Be Inspired! Events and Event Planning (BIE) Case Study

44 Competitors

Competing with other event planners is not something that causes Julie concerns. She states that her uniqueness is established by being an Indigenous owner and operator, and her connections to the Indigenous community and to the Nation solidify this distinction. Especially when the customers are non-Indigenous organizations, they value her insights, her experience, and her connections to her community.

It has happened that Indigenous community members offered event planning services on an individual level, especially when “expressions of interest” were published by larger organizations, but these individuals typically do not carry insurance and are not registered, and that is something the organizations require due to their policies and rules.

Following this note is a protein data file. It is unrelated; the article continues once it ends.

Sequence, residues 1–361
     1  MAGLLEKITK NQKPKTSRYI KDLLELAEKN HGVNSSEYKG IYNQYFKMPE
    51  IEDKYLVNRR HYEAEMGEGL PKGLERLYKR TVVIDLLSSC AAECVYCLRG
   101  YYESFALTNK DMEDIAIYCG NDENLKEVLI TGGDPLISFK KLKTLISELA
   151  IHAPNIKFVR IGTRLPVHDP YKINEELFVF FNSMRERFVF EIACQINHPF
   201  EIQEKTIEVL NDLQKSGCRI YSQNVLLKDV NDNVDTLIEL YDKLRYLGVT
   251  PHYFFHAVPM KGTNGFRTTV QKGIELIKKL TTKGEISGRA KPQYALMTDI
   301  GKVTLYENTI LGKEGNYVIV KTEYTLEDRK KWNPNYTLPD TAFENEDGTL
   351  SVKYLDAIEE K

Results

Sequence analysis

Because of her unique experience and skills, and her professional business setup, there are no direct competitors in her local area. A secondary level of competition might be organizations that have the funds and human resources to put on their own events; they are typically well-executed. Sometimes Julie notices details of these well-planned events that she would have liked to provide and organize, but she also sees this as a learning opportunity. It gives her ideas for new items or speakers to bring to her local area.


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Indigenous Businesses in the BC Interior: Case Studies in Marketing Copyright © by Dr. Biggi Weischedel and TRU Open Learning is licensed under a Creative Commons Attribution-NonCommercial 4.0 International License, except where otherwise noted.

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